3 Dec 2011

Many Christmas Carols

I have endeavoured in this Ghostly little book, to raise the Ghost of an Idea, which shall not put my readers out of humour with themselves, with each other, with the season, or with me. May it haunt their houses pleasantly, and no one wish to lay it.

Their faithful Friend and Servant, C.D.

December, 1843.
School Library Journal posted yesterday about some of the new versions of the classic Dickens tale, A Christmas Carol. Zip off and have a read, and then come back, okay?

Remarkable Reads: 'A Christmas Carol'

Right then. Comfy?

They are remarkable reads indeed, are they not? Most of them (four of the five) leave me with a dreadfully sour Scrooge-like disapproving look on my Charlotte Mason face. We have an abridgement - "less threatening to those who tend to avoid the classics". There's a graphic novel collection of classics by well known authors including Mark Twain, O. Henry and Willa Cather as well as Dickens - "Teens won't be able to walk by the spooky cover without picking it up!" There's a version with a twist - Scrooge is a broken hearted teen, and it's set on Valentine's Day. (Wonder what they've done with Tiny Tim's "God bless us, everyone"?) The final offering is a doozy. It's called It's Beginning to Look a Lot Like Zombies: A Book of Zombies Christmas Carols. Need I say more? I won't. SLJ say that it's "A great jump-starter for a teen program during the winter break!" Apparently it's hysterical. Bah Humbug!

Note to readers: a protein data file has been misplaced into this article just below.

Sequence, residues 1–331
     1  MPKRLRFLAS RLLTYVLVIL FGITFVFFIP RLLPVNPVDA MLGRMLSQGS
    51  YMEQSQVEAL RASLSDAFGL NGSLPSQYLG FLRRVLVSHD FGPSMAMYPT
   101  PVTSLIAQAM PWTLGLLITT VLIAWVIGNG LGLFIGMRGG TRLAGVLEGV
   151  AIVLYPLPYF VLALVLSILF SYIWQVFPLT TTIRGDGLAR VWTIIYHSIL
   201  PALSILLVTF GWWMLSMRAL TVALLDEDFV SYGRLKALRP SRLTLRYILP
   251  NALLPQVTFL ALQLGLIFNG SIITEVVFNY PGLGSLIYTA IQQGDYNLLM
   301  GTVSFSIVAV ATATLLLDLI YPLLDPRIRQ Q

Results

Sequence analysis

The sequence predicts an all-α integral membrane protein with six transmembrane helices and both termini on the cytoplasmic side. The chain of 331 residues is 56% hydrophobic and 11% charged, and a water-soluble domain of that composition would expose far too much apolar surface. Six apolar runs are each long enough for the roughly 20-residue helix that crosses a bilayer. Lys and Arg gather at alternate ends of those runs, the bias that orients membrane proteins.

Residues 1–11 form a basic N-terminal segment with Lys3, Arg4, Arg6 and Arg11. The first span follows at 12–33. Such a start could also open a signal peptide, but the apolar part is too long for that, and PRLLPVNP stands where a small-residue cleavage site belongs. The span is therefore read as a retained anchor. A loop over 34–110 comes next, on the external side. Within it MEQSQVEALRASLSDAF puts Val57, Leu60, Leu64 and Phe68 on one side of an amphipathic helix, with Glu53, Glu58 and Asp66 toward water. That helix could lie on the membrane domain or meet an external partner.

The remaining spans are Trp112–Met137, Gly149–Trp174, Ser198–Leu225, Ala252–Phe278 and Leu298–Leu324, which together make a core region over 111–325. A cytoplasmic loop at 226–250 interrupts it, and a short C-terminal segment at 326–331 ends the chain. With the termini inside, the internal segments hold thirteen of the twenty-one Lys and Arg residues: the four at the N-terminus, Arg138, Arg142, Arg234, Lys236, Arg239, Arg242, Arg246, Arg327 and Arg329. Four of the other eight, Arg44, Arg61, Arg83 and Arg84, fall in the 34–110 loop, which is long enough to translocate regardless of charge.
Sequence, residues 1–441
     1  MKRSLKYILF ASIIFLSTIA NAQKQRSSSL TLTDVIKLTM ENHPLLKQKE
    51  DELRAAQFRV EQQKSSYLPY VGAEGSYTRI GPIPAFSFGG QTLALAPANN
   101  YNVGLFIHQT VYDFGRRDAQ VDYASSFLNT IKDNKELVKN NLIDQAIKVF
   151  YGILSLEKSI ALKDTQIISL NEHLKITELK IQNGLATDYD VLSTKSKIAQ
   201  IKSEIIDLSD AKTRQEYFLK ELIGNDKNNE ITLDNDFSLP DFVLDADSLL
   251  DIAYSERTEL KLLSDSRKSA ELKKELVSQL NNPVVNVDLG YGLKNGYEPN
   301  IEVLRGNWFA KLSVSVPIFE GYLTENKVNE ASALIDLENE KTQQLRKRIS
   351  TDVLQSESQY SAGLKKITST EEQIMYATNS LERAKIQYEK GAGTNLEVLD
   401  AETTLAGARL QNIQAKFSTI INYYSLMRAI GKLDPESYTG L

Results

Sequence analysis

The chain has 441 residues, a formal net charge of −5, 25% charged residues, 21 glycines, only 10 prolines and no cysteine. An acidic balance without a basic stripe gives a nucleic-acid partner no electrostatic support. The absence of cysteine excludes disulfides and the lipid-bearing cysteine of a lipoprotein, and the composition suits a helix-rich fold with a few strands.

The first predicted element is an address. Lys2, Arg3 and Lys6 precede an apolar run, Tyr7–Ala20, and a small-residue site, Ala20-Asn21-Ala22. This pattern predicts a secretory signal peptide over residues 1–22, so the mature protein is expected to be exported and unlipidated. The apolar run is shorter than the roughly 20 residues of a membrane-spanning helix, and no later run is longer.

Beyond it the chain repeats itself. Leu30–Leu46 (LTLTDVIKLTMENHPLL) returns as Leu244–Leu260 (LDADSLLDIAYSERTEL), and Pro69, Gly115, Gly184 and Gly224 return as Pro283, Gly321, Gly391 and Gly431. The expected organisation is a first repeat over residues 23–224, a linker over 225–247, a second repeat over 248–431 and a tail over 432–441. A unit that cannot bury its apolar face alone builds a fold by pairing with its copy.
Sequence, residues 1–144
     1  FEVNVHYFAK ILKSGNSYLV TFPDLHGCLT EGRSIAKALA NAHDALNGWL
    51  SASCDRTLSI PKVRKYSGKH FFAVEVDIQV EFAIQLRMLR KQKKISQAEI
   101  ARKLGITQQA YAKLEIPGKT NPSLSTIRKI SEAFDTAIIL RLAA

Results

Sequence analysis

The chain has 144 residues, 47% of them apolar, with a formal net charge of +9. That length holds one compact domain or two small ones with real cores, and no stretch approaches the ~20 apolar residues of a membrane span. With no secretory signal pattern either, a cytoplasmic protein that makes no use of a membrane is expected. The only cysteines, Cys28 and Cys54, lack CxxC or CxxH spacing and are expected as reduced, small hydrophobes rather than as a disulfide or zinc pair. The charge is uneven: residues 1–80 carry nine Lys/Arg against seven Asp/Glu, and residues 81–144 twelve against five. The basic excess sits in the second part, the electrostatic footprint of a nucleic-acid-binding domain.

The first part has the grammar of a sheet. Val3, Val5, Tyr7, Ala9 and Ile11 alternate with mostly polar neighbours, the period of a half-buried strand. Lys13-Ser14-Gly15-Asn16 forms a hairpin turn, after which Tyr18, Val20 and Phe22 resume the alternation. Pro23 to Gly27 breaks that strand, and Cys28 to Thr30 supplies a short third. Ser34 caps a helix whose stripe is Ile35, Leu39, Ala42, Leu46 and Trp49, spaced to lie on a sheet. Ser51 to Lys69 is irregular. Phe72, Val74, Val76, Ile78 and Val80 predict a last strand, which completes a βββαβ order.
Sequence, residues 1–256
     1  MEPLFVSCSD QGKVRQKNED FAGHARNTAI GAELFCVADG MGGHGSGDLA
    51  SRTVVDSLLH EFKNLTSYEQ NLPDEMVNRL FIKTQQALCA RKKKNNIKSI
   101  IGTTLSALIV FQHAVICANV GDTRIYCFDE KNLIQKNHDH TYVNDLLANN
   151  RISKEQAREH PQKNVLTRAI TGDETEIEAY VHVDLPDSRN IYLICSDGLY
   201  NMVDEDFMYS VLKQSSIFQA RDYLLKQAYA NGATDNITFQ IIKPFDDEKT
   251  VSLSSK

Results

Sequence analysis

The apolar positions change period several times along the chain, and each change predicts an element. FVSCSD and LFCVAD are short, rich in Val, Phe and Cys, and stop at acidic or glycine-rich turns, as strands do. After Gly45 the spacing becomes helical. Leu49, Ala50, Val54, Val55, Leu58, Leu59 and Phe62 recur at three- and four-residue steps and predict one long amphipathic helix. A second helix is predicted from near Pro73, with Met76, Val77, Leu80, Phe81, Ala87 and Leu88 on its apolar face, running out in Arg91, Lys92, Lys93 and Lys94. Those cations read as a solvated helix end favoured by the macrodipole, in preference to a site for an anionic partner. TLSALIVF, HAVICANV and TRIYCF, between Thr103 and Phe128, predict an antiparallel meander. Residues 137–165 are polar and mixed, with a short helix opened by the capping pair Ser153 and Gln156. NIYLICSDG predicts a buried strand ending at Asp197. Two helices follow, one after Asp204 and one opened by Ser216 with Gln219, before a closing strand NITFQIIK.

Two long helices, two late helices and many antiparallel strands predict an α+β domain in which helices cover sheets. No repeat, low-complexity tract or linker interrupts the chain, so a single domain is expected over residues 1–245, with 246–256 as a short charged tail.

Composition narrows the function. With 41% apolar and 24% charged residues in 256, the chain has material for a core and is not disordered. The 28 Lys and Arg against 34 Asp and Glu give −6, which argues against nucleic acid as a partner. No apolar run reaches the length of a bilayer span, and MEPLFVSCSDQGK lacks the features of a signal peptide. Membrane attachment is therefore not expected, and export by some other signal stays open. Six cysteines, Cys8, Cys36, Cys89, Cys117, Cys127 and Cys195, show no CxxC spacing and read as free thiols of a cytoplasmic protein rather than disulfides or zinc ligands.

There is so many versions of this classic Christmas tale that it's impossible to make a list of them all. There are a dozen different movies - including this one, which I do like:

I love this 1910 silent version by Thomas Edison as well:

There are also some wonderful books. I'd like to, if I may, show you three of the versions contained (still) in our Basket of Delights. They are, all three wonderful.

I'll begin with this one:

This unabridged version is one of my favourite Carols because of the divine illustrations by P J Lynch:

The pages open well, the paper is rich and creamy, and it's well bound. The perfect read-aloud version, this one. It's out this year in an affordable paperback version as well.

The next Carol is this one that I posted about last year.

It's Chuck Fischer and Bruce Foster's magnificent pop-up version. It's also unabridged - the whole story is included in five richly illustrated booklets (A sixth provides a bio of Dickens and an interesting essay entitled "The Enduring Appeal of A Christmas Carol"). Jemimah and I poured over this one last year - and no doubt will again this season, but this is probably not the version I'd chose as a read-aloud, at least, not more than once. As an adjunct, though, Foster's paper engineering makes it incredible!

This final Carol is my favourite. You can't imagine how happy I was to discover that it had survived the flood.

It's a tiny - 7x10cm leatherette version with gold edged pages. It's old, I don't know how old, but I doubt that it was ever read.